September 27th, 2007

Middle Ages - breaking your marriage contract

Let's pretend it's about 1220, and we're in the middle of England.

Assume Lord Dodgely marries his sweet young daughter Isabelle to the nearby Earl of Stokely. Lord Dodgely is concerned that the Earl is known as a bit of a brute, (his last 2 wives died apparently after some "disciplining") so he has written into the marriage contract that the Earl is not allowed to beat Isabelle.

The Earl manages to lose his temper after 6 months and beats Isabelle, although not to the death. He's therefore broken the contract.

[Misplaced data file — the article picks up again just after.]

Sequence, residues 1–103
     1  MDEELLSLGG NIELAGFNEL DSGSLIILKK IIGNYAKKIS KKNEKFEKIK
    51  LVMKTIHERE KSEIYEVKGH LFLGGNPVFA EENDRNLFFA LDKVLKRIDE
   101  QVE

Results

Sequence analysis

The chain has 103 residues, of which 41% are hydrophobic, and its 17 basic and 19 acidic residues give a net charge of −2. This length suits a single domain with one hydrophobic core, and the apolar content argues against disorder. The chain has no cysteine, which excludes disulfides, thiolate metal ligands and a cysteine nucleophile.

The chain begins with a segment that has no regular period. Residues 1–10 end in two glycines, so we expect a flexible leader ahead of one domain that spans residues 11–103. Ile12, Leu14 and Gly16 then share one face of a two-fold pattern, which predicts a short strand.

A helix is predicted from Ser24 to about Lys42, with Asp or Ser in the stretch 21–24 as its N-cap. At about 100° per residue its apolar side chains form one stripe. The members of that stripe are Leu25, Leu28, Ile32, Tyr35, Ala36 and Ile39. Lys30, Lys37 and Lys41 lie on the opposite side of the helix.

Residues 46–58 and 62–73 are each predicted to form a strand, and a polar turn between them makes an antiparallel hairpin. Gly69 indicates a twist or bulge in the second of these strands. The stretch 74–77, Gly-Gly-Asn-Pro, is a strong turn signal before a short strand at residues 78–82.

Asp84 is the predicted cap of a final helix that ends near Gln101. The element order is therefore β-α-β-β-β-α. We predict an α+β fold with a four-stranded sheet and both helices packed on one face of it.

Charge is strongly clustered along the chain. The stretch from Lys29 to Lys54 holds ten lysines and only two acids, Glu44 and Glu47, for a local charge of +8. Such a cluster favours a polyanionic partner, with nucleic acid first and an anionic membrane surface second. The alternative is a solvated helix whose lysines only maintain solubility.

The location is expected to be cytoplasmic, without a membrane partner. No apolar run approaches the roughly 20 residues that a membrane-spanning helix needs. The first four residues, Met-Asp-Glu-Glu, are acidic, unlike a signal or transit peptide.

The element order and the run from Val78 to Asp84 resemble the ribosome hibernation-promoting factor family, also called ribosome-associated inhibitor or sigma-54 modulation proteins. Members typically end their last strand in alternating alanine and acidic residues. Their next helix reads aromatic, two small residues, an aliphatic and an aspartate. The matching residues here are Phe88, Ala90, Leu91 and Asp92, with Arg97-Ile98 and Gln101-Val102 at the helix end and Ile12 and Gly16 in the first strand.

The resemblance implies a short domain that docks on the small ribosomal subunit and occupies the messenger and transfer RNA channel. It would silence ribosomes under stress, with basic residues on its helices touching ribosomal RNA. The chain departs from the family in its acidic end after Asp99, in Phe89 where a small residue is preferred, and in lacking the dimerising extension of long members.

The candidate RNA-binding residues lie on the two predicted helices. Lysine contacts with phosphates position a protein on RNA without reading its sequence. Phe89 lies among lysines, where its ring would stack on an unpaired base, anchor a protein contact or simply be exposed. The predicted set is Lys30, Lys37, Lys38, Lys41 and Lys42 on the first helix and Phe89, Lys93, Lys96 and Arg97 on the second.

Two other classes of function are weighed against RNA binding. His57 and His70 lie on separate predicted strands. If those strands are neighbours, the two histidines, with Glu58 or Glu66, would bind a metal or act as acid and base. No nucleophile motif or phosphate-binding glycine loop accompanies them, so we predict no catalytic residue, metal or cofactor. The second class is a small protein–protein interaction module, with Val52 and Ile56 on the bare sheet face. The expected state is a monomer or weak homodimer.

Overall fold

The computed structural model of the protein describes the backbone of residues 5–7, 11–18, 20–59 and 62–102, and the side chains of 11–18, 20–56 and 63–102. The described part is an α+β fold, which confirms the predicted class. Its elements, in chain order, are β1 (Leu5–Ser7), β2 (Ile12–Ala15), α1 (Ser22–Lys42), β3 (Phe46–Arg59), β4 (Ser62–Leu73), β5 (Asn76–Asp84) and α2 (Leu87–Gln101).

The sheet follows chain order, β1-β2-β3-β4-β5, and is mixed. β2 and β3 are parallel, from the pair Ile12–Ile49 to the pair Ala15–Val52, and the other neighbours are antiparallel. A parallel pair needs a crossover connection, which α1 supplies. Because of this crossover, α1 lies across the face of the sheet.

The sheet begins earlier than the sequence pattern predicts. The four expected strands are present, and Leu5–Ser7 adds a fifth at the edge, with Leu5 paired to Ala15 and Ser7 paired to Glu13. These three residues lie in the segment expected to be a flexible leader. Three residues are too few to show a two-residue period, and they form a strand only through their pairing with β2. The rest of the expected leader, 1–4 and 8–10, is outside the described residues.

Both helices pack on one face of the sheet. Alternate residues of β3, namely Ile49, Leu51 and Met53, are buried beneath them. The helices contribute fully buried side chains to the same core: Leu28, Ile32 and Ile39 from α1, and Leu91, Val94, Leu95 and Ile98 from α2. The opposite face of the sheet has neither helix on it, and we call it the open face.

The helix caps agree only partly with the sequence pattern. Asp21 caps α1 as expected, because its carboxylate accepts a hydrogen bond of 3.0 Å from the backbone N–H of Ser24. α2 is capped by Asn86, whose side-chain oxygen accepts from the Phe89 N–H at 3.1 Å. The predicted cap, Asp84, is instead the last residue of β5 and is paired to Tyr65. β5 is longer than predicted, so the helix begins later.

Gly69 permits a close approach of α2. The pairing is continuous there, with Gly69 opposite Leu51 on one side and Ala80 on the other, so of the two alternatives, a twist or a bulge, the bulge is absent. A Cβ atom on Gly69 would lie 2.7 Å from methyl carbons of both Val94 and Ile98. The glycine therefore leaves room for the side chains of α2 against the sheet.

What can Lord Dodgely do? I'm assuming this means that Isabelle can come home and bring with her all she brought to the marriage (money, jewels, clothing, peasants), but from here I'm stuck. Is the marriage considered over, and thus Isabelle may marry again? Or is the marriage still legal (so the Earl cannot re-marry), but neither can the Earl force Isabelle to return to him or submit to his needs.

I've tried searching on "Marriage Law", "medieval", "middle ages" and "breaking contract", and have a stack of stuff on what can be in the contract (and who signs it), but not on what the limitations are of breaking it.
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